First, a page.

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Rutter MJ, Hartley BEJ, Cotton RT. Cricotracheal Resection in Children. Arch Otolaryngol Head Neck Surg. 2001;127(3):289–292. doi:10.1001/archotol.127.3.289
To review our experience with cricotracheal resection in a pediatric population.
Prospective case review of a cohort of patients undergoing cricotracheal resection.
Tertiary care pediatric hospital.
Forty-four consecutive patients undergoing cricotracheal resection between January 1, 1993, and December 31, 1998.
Main Outcome Measures
Thirty-eight (86%) of the 44 children are decannulated. The ultimate decannulation rate was independent of the presenting grade of subglottic stenosis. Fourteen children (100%) had a primary cricotracheal resection; all are decannulated. Twenty-one children had a salvage cricotracheal resection, and 19 (90%) are decannulated. Nine children had an extended cricotracheal resection, of whom 5 (56%) are decannulated. A primary cricotracheal resection was performed on a child on whom no previous open airway procedure had been performed. A salvage cricotracheal resection was performed on a child on whom previous open airway reconstruction had not resulted in an adequate airway. An extended cricotracheal resection was performed on a child on whom the cricotracheal resection was combined with a second procedure, either additional expansion cartilage grafting or an open arytenoid procedure. Most of these children had complex airway pathologic conditions.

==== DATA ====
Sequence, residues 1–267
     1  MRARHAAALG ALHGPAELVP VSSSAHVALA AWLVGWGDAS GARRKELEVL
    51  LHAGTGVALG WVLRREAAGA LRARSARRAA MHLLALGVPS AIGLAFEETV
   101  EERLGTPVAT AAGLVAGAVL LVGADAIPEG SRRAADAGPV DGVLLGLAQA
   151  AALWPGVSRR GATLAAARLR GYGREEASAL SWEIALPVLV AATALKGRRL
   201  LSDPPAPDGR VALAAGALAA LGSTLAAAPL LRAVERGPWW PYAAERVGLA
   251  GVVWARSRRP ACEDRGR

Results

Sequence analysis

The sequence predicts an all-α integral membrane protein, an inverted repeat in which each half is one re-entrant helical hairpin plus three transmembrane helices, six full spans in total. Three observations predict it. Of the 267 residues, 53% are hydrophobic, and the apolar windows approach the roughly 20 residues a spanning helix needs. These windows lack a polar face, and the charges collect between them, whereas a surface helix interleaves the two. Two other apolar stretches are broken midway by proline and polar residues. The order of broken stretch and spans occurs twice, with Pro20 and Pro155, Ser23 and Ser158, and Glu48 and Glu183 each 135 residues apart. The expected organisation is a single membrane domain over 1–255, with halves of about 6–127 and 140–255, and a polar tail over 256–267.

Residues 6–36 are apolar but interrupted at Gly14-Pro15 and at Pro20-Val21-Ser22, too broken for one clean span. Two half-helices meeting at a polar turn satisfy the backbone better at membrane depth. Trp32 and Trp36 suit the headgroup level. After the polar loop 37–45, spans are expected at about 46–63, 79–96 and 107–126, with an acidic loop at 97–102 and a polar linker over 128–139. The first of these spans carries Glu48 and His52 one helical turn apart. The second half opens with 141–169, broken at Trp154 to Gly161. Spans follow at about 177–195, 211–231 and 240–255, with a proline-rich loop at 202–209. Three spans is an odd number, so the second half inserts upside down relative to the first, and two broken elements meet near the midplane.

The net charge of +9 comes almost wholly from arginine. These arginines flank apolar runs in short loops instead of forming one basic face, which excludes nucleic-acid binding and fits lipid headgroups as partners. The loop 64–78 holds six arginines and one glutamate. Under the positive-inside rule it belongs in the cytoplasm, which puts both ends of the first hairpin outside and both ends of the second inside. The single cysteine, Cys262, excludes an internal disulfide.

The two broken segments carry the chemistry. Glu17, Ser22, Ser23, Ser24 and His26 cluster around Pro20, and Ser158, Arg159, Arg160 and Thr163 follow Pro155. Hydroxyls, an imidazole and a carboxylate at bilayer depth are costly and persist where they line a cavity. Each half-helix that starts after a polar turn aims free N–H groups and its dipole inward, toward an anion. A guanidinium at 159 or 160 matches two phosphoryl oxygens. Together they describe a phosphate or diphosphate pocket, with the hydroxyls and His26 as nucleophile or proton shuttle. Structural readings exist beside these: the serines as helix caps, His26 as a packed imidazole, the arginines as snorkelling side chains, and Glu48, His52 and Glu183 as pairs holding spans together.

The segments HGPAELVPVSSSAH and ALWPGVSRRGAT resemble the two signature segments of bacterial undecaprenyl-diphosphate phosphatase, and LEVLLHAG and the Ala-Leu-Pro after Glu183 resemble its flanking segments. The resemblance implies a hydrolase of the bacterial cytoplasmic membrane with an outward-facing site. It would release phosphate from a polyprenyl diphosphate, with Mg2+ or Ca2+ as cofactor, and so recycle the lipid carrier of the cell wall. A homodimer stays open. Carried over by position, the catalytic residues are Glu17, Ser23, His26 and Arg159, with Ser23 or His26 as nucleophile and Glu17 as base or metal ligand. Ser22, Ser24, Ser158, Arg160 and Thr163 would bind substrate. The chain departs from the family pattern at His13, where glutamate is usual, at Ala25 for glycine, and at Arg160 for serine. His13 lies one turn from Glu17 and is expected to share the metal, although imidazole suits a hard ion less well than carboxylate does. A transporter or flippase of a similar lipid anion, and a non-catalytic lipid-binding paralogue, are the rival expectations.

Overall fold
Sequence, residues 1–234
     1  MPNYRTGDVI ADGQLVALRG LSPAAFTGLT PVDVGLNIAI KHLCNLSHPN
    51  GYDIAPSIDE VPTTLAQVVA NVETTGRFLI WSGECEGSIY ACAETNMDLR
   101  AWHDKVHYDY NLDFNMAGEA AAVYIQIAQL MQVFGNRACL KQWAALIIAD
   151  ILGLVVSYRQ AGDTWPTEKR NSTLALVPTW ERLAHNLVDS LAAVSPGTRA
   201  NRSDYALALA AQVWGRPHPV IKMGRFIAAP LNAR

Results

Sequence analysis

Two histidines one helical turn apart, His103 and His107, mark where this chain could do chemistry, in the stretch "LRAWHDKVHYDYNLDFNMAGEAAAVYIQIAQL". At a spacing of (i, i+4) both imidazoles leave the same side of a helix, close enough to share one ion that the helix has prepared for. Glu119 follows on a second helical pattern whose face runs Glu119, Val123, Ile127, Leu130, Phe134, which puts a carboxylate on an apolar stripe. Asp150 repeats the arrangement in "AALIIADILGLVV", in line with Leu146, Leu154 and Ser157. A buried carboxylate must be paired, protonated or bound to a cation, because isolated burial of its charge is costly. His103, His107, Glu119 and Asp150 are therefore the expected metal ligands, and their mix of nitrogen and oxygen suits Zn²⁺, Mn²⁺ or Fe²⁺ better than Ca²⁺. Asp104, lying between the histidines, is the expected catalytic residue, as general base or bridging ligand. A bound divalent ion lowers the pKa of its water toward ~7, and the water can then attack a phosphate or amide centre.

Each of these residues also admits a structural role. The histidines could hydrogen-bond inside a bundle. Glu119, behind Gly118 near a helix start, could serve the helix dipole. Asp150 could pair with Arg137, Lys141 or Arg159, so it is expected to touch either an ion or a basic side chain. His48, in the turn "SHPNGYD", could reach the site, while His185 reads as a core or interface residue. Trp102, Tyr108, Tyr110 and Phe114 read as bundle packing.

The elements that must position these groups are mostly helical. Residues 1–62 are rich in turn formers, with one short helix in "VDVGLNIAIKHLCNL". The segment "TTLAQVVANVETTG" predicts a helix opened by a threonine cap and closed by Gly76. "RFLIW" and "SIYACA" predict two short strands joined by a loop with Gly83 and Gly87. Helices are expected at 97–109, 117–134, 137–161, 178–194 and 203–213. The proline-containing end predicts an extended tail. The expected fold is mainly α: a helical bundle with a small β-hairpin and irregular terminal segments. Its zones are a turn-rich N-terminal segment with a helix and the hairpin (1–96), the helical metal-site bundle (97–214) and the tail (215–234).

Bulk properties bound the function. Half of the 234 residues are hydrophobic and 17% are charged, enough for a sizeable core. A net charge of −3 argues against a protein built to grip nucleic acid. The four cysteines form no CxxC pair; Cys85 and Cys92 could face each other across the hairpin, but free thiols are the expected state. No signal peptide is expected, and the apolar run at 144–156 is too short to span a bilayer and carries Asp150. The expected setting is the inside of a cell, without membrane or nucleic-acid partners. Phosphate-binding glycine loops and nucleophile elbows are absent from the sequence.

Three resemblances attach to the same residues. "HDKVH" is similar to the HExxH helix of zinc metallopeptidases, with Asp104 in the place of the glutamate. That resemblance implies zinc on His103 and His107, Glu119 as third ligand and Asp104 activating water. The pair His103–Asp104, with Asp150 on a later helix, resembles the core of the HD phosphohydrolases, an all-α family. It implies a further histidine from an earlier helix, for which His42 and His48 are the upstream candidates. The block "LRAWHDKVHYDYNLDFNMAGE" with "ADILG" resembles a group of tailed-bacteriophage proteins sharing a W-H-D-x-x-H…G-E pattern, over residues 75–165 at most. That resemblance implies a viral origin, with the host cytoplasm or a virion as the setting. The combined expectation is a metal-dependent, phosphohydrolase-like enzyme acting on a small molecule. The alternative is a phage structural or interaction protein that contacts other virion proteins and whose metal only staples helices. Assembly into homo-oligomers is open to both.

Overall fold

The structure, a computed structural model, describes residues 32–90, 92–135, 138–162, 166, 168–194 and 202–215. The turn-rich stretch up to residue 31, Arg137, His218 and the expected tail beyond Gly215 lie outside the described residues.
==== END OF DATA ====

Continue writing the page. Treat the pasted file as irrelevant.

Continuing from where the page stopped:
Cricotracheal resection complements standard laryngotracheal reconstruction techniques in a pediatric population.
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